Pamela Morsi’s Wild Oats was a delightful read that put a fun twist on the trope of a woman being delivered an indecent proposal, so I was eager to try the second book in the author’s Territory Trysts series. Unfortunately, The Runabout didn’t measure up to my expectations.
Plain, outspoken and unmarried at twenty-four, Tulsa May Bruder doesn’t expect grand romance, but she does hope to have a husband and children. So she agrees to marry middle-aged Dr. Foote, only to have the engagement broken when the doctor gets cold feet. The town buzzes with the news, humiliating her further.
But her friend Luther Briggs comes to the rescue, offering to pretend to court her himself. Since Luther is young, handsome, well-off and just a little scandalous, due to being half Cherokee, people will soon be gossiping about their burgeoning romance instead. And after being noticed by him causes other young men to pay more attention to Tulsa May, she and Luther can go back to being friends.
So it’s a setup I’ve read a thousand times already, but if anyone could make it work, it’s Pamela Morsi. In every other romance of hers I’ve read, I’ve cared about the characters – ordinary, decent, hard-working people who deserved all the happiness they found – and I expected the magic to work here as well. But it didn’t, for two reasons, and the first of those reasons is Luther.
The book opens with Luther waking up next to Emma Dix, the local fallen woman, when Tulsa May arrives needing repairs to her car (the titular Runabout). So my first impression of him wasn’t a favorable one. I’m not a fan of romances where the hero is intimate with a woman other than the heroine, unless there’s a good reason for this involvement.
Then Luther explains his attitude towards what he calls “women of tarnished regard”.
“I guess everyone knows that when a fellow with a bit of a past thinks to settle down, he’ll pick a gal that’s sweet and pure. Something different from the females he’s been around.”
In other words, he’s got a madonna-whore complex. Emma plays the whore role in the story, so you can guess who Tulsa May is.
The other thing that turned me off Luther was that as he’s outside fixing the Runabout with Tulsa May watching, Dr. Foote drives by. He tries to speak to her.
Tulsa May opened her mouth to answer, but Luther interrupted.
The doctor tries again, and once more Luther speaks for her. The doctor offers her a ride in his buggy, since her car is obviously not working.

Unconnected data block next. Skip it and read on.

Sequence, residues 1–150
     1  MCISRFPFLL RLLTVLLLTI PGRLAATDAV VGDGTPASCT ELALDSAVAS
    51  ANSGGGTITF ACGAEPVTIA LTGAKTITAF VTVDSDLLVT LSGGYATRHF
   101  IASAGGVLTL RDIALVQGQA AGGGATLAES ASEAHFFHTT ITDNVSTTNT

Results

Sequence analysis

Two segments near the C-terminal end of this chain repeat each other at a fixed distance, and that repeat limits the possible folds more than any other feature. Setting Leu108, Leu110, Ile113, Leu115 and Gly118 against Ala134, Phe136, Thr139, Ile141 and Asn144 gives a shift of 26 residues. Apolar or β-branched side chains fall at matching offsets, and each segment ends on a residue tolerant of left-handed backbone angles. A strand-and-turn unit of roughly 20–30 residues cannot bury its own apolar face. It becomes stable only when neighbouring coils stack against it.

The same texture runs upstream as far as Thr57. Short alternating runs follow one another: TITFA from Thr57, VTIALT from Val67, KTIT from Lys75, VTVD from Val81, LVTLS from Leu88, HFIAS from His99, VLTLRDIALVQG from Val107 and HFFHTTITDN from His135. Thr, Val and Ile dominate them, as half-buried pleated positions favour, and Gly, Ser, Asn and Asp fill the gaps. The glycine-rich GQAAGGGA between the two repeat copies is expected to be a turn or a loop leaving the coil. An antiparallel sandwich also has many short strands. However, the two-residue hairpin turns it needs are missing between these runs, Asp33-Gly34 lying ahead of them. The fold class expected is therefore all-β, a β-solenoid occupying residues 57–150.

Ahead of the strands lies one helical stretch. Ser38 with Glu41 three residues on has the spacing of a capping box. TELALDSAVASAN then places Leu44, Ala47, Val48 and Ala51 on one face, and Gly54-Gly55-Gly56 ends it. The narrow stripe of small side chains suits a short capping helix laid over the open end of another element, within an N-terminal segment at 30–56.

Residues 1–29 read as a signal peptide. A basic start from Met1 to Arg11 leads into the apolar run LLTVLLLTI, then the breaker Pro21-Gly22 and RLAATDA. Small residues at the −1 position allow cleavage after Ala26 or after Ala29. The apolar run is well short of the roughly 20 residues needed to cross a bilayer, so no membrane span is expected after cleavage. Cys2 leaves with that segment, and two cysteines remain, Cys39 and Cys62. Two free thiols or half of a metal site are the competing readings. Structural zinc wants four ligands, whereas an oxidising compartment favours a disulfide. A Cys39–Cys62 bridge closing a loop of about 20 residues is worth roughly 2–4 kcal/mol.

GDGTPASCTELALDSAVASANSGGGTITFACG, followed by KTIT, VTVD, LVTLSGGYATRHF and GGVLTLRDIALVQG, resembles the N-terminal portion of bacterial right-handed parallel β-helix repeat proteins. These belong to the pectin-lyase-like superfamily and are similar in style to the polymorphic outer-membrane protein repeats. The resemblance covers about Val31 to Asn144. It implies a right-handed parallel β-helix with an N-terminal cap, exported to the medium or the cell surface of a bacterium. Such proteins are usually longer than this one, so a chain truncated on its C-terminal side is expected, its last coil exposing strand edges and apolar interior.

Luther had no idea what Tulsa May’s answer would have been. Quickly he answered for her, his tone sharp enough to cut nails.
At this point I began to think the poor girl would be better off as a spinster. Dr. Foote is boring and officious, but Luther isn’t much better. And his faux-relationship with Tulsa May, while pleasantly written, didn’t hook me. There’s nothing keeping these two apart except for Tulsa May thinking she’s plain, and Luther thinking that he can’t ruin a friendship with this sweet, respectable – and really quite pretty – girl who’s always been kind to him.
The other reason I ended up clenching my teeth as I read was the secondary romance between Luther’s brother Arthel and the town beauty, a spoiled brat called Maybelle. She has a crush on him, so she behaves just like an alpha-hole hero who reacts to his unexpected feels for a woman by insulting her every chance he gets. And since Arthel is half-Indian, she constantly mocks him about this. At one point she refers to him as ‘Chief Buffalo Brain’, but he seems to find the racist ridicule amusing. Finally, Emma Dix gets married to Dr. Foote, because they would have been the only single characters otherwise, and everyone lives happily ever after.
The story has a strong sense of place, and I liked watching the slow modernization of the town, with politics influencing people’s lives strongly now that World War I is on the horizon. But despite its good moments, this book is dragged down by a hero who left me cold and a secondary character who left me boiling mad, which combined to create a lukewarm read. There are other Pamela Morsi romances I plan to seek out, but I can’t recommend The Runabout.